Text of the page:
Kidney stones passing in the right kidney, showing where pain originates.

Two Williamsburg Urologists Change the Way Kidney Stones are Treated

By: Madison Bambini
Published on: February 21, 2020

Small Stones That Cause Big Problems

For those who suffer from kidney stones, finding relief as soon as possible is crucial. When you’re starting to experience symptoms, a trip to the Emergency Room (ER) may only give you slight relief before the pain returns. Two Williamsburg urologists, Geoffrey B. Kostiner, MD, and Joseph R. Habibi, MD, offer a unique approach aimed at helping patients avoid a repeat trip to the ER.

What is a Kidney Stone? How do I Know if I Have One?

Kidney stones (nephrolithiasis) are mineral deposits that form when the solutes, or the chemistry of urine, is imbalanced. These alterations allow the deposits to clump together, forming a kidney stone.

Symptoms

There are several recognizable symptoms for kidney stones such as:

  • Pain on left or right side of the lower back that may wrap around to the stomach
  • Nausea
  • Vomiting
  • Diarrhea
  • Painful, burning sensation when urinating
  • Persistent need to urinate
  • Blood in urine

Types of Kidney Stones

There are four types of kidney stones.

  • Calcium Stones: This is the most common type of stone, caused by dietary factors and metabolic conditions such as obesity.
  • Struvite Stones: These form in response to an infection such as a urinary tract infection (UTI). This type of stone is more common in women.
  • Uric Acid Stones: This type of stone is caused by high uric acid concentrations and acidity.
  • Cystine Stones: These form in people who have cystinuria, a hereditary disorder that causes the kidneys to excrete too much of certain amino acids. These stones are resistant to lithotripsy.

Large, chronic kidney stones that are left in the kidney will cause inflammation over time. This inflammation, left untreated, may cause chronic kidney damage. It’s best to treat these larger stones when they’re found.

How TPMG Urologists Can Help You Find Relief

Kidney stones passing in the right kidney, showing where pain originates. Kidney stone patients often require repeat emergency care visits (ER or Urgent Care) due to difficulty in obtaining timely outpatient urology. Together, kidney stone specialists Drs. Kostiner and Habibi created a treatment approach to avoid readmission to the emergency room for people who suffer from kidney stones.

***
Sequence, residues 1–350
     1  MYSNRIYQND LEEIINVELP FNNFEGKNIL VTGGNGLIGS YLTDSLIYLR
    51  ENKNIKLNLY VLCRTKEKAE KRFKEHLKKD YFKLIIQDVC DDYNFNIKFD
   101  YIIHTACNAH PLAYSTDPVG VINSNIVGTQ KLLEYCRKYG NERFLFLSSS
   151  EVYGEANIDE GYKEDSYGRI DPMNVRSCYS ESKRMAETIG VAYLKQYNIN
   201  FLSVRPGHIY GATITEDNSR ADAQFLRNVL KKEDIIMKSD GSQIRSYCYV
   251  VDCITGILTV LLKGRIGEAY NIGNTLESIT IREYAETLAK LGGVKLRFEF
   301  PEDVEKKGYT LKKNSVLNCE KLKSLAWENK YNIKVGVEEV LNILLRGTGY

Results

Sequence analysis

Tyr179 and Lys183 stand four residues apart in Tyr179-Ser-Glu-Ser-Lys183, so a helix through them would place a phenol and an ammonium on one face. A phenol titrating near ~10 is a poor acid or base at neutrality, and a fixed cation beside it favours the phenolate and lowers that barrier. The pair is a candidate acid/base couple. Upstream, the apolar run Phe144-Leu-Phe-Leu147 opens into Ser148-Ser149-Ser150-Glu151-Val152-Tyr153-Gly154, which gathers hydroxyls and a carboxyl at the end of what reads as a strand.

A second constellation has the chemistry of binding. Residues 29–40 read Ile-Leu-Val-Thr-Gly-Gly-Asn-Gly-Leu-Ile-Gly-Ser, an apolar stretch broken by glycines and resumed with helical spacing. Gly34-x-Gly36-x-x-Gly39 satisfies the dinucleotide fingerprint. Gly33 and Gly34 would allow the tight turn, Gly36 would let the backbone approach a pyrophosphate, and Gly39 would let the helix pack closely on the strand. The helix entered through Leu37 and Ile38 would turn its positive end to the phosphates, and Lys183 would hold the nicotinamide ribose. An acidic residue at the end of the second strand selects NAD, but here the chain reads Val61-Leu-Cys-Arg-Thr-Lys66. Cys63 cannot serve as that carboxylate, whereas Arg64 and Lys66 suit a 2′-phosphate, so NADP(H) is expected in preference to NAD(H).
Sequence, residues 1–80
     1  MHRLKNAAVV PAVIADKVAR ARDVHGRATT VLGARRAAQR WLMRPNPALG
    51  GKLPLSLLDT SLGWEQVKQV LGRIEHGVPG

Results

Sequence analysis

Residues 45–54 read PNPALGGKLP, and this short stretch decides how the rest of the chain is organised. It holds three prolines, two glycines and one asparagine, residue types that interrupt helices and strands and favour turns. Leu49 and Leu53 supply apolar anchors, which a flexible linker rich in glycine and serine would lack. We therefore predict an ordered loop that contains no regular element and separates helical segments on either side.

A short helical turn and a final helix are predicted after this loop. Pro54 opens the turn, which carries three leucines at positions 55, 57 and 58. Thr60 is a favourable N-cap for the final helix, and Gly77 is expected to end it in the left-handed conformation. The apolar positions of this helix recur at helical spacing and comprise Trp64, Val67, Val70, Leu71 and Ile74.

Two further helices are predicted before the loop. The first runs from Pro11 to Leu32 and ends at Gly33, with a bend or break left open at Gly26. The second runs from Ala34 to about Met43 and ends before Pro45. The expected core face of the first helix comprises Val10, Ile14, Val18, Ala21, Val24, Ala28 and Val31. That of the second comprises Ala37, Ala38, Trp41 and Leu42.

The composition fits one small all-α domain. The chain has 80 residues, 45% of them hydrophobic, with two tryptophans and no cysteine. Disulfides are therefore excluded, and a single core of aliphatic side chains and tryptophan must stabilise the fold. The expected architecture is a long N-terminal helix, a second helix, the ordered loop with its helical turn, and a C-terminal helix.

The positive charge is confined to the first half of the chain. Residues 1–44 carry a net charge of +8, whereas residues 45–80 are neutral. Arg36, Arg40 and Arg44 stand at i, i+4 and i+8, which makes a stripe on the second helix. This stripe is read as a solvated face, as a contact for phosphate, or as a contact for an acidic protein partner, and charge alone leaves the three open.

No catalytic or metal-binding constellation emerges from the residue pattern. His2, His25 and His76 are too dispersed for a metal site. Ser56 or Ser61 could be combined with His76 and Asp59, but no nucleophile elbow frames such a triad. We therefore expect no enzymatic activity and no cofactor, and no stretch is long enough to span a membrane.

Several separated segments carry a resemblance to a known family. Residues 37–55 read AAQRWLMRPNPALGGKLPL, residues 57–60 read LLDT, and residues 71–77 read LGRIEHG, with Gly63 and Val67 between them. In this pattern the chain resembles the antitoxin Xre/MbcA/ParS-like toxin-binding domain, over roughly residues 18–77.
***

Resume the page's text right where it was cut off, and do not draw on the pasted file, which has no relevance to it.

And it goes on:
With this service, patients are guaranteed a same-day appointment with either Dr. Habibi or Dr. Kostiner. During the appointment, the patient will receive an in-depth consultation, their records will be reviewed, and an X-ray will be taken.  They will then be scheduled for the most appropriate medical or surgical intervention.

A Urologist has extensive specialized knowledge in the prevention and treatment of kidney stones. Seeking early treatment for kidney stones from a Urologist is the ideal way to achieve early relief from acute symptoms and to prevent future kidney stone episodes.

How to Treat and Prevent Kidney Stones

There are several ways to treat and prevent kidney stones. A Urologist’s uniquely specialized training can help you determine the best treatment plan for you.

Treatment Options

  • Medical Expulsive Therapy (MET): alpha blockers, pain medication, and increased fluid intake to allow smaller stones to pass spontaneously
  • Extracorporeal Shock Wave Lithotripsy (ESWL): A common, non-invasive treatment where external shock waves target the stones, causing them to break apart into small pieces to allow for stone passage. This procedure is done with sedation, similar to a colonoscopy.
  • Ureteroscopy: A procedure that involves feeding a small telescope (ureteroscope) into the urethra and bladder to allow direct access to stones in the ureter (tube connecting kidneys to the bladder) and kidney. Small stones may be removed with a basketing device whereas larger stones can be broken into smaller pieces with a laser for easier removal. This is a procedure performed under general or spinal anesthesia.
  • Percutaneous Nephrolithotomy with Lithotripsy (PCNL): The most invasive “minimally invasive” approach that is reserved for larger renal stones.

Prevention

After your kidney stone treatment, Drs. Kostiner or Habibi become your partners in your health care. Once you have one kidney stone, the chance of another occurring within a five-year time frame is approximately 50 percent. Some preventative measures that can be taken are:

  • Metabolic Evaluation: A test that will look at the makeup of your urine. By identifying urine abnormalities, our Urologists can intervene with lifestyle and medical approaches to decrease your future risk of having another kidney stone by approximately 50%.
  • Hydration: Staying hydrated is one of the best ways to help reduce your risk of forming kidney stones.

Once a kidney stone is discovered, a urologist will help you determine a treatment plan that best suits your specific condition. A few tips to help you remain stone-free include eating a balanced diet, drinking appropriate amounts of fluids to maintain light-colored urine, and maintaining a healthy weight. If you suffer from kidney stones, find support from your friends, family, and doctor in your health care journey. 


Geoffrey B. Kostiner, MDAbout Dr. Kostiner

Geoffrey B. Kostiner, MD, is a Diplomate of the American Board of Urology. He provides treatment and care for a variety of urological conditions including prostate issues, urinary incontinence, and kidney stones with a particular interest in minimally invasive surgery. Dr. Kostiner is an active member of the Williamsburg-James City County Medical Society, the American Urological Association, and has been a member of the American Medical Association for over 20 years.